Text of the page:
… today’s most influential music companies [are] increasingly eating into one another’s core businesses in a bid to grow their prosperity. At the center of this trend are those music-streaming services “doing a Netflix,” i.e., investing money into independent artists to create their own content outside the traditional record-company structure. […]
Streaming services are becoming distributors and, in some cases, record labels. Record labels are becoming streaming services and, in some cases, talent management companies. Talent management companies are becoming record labels, while distributors are having a go at becoming managers. (All of these companies, it appears, also want to become video and/or podcast production houses, but that’s a topic for another article.)
This concept isn’t that different than what a traditional major record label would do 20+ years ago (and, remember, there were more than three ‘major labels’ in those days). A major label would have control of A&R, manufacturing, distribution, publicity, publishing, tour support, and so on. And in some (often self-serving) cases the label would also provide an artist’s manager and legal team.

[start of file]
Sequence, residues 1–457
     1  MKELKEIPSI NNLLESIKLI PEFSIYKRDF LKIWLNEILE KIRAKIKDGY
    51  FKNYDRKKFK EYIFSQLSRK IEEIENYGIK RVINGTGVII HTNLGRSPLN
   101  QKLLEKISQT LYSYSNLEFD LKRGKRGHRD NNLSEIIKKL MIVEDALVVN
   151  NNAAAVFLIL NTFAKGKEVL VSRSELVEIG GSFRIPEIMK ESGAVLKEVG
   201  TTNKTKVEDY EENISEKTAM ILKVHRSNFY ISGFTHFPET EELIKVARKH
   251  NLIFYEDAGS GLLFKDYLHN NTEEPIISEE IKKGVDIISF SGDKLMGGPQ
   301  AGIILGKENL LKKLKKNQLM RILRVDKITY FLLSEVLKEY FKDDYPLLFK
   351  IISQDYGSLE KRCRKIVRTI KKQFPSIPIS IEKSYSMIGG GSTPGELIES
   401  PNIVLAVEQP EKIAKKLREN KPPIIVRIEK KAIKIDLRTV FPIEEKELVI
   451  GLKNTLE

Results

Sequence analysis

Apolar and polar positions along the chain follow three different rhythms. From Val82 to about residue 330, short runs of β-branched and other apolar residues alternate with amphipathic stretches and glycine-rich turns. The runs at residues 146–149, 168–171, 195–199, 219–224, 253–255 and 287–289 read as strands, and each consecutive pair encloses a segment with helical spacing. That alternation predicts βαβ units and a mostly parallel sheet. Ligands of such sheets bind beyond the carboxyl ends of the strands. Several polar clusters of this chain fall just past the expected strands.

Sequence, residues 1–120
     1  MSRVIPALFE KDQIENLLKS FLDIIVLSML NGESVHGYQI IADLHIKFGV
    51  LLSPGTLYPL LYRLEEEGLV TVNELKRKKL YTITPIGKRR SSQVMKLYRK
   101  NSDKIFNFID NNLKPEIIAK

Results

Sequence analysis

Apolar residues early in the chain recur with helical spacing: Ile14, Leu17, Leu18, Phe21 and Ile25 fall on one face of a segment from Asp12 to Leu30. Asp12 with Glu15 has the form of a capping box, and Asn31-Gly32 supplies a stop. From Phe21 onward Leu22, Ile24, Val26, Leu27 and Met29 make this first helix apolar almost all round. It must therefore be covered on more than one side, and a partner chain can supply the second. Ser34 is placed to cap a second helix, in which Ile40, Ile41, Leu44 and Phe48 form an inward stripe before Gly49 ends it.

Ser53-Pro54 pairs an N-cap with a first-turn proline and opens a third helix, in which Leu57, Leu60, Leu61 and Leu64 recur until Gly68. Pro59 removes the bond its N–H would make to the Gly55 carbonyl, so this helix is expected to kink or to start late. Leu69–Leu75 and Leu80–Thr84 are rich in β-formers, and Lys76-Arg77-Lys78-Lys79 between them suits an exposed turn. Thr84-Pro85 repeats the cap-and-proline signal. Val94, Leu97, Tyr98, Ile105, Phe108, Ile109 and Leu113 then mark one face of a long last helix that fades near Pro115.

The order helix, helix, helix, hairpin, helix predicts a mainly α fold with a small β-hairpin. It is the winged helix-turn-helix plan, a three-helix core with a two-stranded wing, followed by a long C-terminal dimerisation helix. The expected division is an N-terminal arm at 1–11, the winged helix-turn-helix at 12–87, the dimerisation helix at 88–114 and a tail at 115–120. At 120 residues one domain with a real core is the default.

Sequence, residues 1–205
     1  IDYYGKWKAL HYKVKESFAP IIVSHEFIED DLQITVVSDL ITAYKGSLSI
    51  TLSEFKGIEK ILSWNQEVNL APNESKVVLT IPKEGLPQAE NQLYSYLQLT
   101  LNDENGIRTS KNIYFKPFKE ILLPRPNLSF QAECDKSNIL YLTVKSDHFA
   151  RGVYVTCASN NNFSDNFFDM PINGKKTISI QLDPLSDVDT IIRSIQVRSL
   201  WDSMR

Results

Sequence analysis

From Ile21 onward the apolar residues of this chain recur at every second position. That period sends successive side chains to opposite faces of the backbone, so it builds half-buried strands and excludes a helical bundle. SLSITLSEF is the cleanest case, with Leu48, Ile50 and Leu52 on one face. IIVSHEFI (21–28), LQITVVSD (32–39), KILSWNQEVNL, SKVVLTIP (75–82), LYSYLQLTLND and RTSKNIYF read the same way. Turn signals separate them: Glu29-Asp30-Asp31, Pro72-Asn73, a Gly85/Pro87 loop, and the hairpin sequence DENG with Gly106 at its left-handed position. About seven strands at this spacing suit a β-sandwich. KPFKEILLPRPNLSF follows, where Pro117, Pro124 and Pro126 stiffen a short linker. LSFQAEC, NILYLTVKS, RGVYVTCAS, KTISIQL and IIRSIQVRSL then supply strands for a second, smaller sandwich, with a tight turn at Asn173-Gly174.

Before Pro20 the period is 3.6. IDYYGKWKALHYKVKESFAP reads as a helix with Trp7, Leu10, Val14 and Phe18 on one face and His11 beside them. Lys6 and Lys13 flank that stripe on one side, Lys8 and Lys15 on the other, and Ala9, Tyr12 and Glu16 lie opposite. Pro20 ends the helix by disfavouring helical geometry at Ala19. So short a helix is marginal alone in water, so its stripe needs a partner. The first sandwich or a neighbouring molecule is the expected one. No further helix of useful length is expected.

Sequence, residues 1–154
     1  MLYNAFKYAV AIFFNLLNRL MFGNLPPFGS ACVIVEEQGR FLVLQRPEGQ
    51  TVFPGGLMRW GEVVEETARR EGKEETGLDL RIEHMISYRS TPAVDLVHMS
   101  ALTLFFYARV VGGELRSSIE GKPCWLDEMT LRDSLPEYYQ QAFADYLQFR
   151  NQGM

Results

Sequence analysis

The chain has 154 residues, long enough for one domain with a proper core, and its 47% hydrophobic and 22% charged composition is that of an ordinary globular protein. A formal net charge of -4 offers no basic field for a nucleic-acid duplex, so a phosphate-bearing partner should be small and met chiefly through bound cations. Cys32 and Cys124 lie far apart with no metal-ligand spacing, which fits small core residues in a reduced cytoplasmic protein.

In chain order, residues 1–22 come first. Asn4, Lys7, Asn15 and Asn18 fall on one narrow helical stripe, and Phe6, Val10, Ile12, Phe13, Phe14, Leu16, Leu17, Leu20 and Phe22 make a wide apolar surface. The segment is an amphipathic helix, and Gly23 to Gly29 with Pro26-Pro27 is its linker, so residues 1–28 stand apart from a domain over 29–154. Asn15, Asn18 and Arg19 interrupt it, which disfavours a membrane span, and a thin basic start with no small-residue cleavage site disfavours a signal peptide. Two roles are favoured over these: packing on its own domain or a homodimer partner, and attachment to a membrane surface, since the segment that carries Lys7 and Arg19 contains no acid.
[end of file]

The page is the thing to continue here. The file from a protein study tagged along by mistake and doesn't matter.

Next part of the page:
It’s like in the ‘00s the puzzle got thrown on the floor and scattered into many pieces. Now that it’s being put back together the pieces aren’t quite fitting the same — rather than a label providing management or publishing, the current trend is the manager or publisher starting a record label. But without the capital and influence of the flush-with-money major labels of yesteryear, I wonder if many of these new endeavors are spreading themselves thin. I think we’ll continue to see companies handling two or three of these aspects at a time (i.e., publishing, distribution, and A&R) but I don’t feel the trend of trying to do everything under a single umbrella will yield many successes.